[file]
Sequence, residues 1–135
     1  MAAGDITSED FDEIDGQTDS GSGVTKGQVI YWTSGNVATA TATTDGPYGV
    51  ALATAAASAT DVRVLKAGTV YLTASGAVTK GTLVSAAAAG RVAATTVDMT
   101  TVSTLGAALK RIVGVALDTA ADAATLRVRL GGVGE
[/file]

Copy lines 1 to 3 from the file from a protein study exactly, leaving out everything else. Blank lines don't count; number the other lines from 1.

Sequence, residues 1–135
     1  MAAGDITSED FDEIDGQTDS GSGVTKGQVI YWTSGNVATA TATTDGPYGV
    51  ALATAAASAT DVRVLKAGTV YLTASGAVTK GTLVSAAAAG RVAATTVDMT